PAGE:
Computer Science Education Week is an annual call to action to inspire K-12 students to learn computer science. With technology changing every industry on the planet, computing knowledge has become part of a must have high demand, well rounded skill set. The Hour of Code is a one-hour introduction to computer science, designed to demystify code and show that anybody can learn the basics. This annual, nation-wide program has allowed millions of students to discover how accessible and fun computer science can be by doing just one Hour of Code.


Elementary, Middle School, and High School

Assessment is a fundamental part of the learning cycle. The primary purpose of assessment is not to measure, but to further learning. Students are more likely to reach their full potential in an environment where there are frequent loops of assessment and informed instruction.

Students Assessments 

District Literacy Assessments

Running Records: Running Records assessments are administered to all kindergarten through 2nd grade students. Students not meeting the district standard will continue performing Running Records assessment. Running Records provide an assessment of text reading and are designed to be taken as a child reads orally from any text. The assessor is able to find an accuracy rate (number of words read correctly) as well as a comprehension score and a fluency rate as measured in “words correct per minute.” A deeper analysis of a Running Record also informs the assessor as to the strategies a reader is and is not using when interacting with text. This analysis provides valuable information for matching the reader to appropriate text.

Degrees of Reading Power (DRP): DRP are administered beginning in 5th grade, once a student has met or exceeded the Running Record standard. This standardized test that equates with national norms is given to all students 5th through 7th grade using forms with a progression of difficulty. Students take this test independently and answer numerous multiple-choice questions. The standard form of DRP assesses the ability to comprehend the surface meaning of increasingly more difficult textual material, while the advanced form assesses the ability to reason with – that is, analyze, evaluate, and extend the ideas that are presented with increasingly more difficult textual material. DRP assessments provide valuable information for matching the reader to appropriate text.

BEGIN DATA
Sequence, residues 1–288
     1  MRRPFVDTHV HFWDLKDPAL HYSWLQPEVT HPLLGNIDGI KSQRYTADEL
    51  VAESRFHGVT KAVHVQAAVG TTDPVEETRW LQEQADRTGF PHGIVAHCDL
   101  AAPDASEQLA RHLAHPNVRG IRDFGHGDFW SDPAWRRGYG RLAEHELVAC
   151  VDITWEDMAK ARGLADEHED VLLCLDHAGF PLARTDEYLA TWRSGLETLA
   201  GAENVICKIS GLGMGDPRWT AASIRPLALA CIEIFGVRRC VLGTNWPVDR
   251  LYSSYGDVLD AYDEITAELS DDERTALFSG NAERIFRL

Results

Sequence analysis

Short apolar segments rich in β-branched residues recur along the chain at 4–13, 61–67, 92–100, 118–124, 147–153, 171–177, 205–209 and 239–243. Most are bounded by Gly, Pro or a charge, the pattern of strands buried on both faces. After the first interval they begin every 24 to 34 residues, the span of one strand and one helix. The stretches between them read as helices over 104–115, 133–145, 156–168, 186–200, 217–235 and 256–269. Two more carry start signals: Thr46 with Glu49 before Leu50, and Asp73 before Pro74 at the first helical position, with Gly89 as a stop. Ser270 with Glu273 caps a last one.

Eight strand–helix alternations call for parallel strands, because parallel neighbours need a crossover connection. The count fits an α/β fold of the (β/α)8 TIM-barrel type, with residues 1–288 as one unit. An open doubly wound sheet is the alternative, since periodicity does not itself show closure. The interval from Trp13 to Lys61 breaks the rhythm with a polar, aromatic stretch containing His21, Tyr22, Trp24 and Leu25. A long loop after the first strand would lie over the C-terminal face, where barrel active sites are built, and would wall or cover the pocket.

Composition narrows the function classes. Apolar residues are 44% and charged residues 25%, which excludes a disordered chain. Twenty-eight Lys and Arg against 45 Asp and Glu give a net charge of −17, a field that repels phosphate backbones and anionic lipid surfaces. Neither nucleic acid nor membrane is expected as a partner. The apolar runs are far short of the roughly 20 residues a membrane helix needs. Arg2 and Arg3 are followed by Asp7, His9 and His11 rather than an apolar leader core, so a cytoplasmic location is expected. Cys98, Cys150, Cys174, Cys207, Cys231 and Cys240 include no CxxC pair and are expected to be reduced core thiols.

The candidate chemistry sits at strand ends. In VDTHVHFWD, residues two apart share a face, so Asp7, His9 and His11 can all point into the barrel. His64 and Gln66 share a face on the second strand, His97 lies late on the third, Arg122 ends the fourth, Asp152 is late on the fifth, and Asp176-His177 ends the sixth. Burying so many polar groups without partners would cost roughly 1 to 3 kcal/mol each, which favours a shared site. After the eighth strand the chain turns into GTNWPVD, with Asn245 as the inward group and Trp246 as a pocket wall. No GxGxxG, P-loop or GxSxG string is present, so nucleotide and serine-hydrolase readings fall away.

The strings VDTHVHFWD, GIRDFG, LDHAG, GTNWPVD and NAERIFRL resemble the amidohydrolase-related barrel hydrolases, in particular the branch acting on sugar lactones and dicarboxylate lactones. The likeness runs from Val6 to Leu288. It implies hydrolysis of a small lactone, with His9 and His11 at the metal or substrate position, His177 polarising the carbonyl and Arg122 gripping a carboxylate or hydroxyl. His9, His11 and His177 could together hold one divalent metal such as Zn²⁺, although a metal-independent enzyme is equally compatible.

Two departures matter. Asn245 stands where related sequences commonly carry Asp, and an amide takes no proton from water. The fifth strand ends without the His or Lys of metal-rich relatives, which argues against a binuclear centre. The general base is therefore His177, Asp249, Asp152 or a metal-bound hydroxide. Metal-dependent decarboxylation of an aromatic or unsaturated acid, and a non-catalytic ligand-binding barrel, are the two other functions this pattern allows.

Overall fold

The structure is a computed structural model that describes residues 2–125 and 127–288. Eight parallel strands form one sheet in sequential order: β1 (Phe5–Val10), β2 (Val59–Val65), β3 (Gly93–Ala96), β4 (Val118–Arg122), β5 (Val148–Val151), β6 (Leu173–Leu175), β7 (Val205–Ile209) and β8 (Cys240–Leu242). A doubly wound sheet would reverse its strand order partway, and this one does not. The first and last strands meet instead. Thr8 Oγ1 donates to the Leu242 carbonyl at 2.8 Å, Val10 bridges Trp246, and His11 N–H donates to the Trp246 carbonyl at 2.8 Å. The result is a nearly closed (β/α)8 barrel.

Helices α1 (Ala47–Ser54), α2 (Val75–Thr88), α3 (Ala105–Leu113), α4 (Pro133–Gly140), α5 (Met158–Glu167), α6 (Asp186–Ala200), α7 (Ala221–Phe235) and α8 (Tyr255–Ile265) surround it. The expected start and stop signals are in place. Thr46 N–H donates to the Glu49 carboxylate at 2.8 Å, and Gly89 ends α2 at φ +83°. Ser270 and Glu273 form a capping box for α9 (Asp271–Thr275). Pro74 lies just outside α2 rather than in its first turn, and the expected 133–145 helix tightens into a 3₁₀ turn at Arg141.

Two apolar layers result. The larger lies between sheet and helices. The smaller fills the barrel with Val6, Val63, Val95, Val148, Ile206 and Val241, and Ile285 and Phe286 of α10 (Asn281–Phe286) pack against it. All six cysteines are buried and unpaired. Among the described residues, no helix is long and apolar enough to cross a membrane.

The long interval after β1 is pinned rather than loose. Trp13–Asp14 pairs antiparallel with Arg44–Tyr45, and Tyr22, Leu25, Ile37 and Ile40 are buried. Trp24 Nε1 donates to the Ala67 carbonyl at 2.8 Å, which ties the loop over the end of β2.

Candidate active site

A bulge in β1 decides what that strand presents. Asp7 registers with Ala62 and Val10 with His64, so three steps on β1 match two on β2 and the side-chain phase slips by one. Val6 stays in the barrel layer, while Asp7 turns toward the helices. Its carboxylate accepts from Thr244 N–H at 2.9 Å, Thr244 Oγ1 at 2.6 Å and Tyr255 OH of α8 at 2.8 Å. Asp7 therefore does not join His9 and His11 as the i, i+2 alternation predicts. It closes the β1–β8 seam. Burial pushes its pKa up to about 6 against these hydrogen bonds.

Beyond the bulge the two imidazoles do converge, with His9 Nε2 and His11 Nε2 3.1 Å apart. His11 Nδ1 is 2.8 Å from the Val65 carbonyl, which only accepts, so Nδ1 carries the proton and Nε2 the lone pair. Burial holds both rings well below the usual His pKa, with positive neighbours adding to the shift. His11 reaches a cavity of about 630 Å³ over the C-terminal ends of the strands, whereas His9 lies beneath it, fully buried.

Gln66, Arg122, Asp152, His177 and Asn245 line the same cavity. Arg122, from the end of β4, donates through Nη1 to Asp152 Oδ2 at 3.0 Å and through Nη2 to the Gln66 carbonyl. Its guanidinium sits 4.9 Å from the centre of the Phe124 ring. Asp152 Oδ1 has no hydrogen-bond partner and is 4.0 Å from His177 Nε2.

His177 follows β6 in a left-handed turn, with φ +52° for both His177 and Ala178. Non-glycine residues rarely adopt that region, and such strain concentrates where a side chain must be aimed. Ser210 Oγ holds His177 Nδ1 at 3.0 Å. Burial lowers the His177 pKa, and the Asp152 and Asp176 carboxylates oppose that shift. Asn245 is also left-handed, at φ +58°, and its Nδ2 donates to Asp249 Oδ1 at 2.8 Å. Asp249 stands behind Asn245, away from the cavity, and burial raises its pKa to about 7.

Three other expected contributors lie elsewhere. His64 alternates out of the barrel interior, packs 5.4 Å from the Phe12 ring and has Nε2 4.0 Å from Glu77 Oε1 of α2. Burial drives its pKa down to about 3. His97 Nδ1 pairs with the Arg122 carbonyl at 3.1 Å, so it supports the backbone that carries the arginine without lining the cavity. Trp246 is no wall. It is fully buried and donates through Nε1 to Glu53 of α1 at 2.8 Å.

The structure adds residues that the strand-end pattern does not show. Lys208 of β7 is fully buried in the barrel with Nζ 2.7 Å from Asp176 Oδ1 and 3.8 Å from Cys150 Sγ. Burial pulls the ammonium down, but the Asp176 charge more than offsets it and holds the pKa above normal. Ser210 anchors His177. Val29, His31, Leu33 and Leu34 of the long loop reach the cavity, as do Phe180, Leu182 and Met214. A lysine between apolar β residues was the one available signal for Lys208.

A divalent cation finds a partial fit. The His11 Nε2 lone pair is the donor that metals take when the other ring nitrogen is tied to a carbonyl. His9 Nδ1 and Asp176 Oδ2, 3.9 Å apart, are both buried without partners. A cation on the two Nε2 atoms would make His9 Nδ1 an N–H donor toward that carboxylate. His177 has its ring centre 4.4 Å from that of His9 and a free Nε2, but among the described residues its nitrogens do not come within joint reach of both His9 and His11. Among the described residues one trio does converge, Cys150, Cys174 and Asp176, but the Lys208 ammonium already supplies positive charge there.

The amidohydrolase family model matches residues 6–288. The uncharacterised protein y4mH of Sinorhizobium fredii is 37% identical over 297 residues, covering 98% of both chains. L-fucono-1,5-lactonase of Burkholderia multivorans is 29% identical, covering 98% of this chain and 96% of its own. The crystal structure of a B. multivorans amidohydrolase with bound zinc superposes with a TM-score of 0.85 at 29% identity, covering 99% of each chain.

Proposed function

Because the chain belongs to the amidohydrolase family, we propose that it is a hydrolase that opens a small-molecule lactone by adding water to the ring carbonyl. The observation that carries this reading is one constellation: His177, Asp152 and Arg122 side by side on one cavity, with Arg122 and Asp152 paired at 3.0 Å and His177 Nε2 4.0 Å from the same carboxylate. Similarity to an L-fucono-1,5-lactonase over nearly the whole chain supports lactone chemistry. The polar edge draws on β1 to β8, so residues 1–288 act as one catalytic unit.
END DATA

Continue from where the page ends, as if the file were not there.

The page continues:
Scholastic Reading Inventory (SRI): Scholastic Reading Inventory is a way to assess student reading levels and monitor reading progress. SRI identifies struggling readers in grades 4th – 12th. The SRI assists teachers in planning for instruction, and gauges the effectiveness of TCAPS’ curriculum. Currently, all students are administered the SRI assessment in the spring of 6th grade, prior to 7th grade enrollment. Identified students are enrolled in the READ 180 program the following fall and continue in the program until grade level reading scores are attained. In addition, all secondary schools and most of TCAPS’ elementary schools have READ 180 programs available to any student struggling with reading.

Michigan’s Alternative Assessment Program (MI-Access): The Individuals with Disabilities Education Act (IDEA) requires that all students with disabilities be assessed at the state level. In response to this legislation, the Michigan State Board of Education approved the Michigan Educational Assessment System (MEAS). It has three components, Michigan Education Assessment Program (MEAP) or Michigan Merit Exam (MME), MI-Access, and English Language Proficiency Assessment (ELPA). MI-Access is designed for students for whom the IEP Team has determined that the MEAP or MME assessments, even with assessment accommodations, are not appropriate.

English Language Proficiency Assessment (ELPA): The implementation of the ELPA is federally mandated as part of the No Child Left Behind (NCLB) legislation. It is an assessment to assist schools in determining proficiency of English Language Learners (ELLs). For qualifying students, this assessment can be used in place of MEAP English Language Arts. These students take the MEAP mathematics and science or social studies assessments with the appropriate accommodations.

The Role of a School Social Worker

Traverse City Area Public Schools’ certified school social workers are licensed and experienced master’s level professionals who hold an integral role within our buildings across the district.


About UpNorth Virtual

Traverse City Area Public Schools is pleased to offer families a full-time K-12 online learning program. Open to K-12 students in the five-county region, UpNorth Virtual (UPNV) provides a unique opportunity for students to receive 100% of their courses virtually while still being part of a local school community. 

Every student learns differently and what works for one, may not work for another. No matter the reason, whether it's the uncertainty of the COVID-19 pandemic, you are homeschooled, or you just prefer to work at your own pace, UpNorth Virtual is here for you.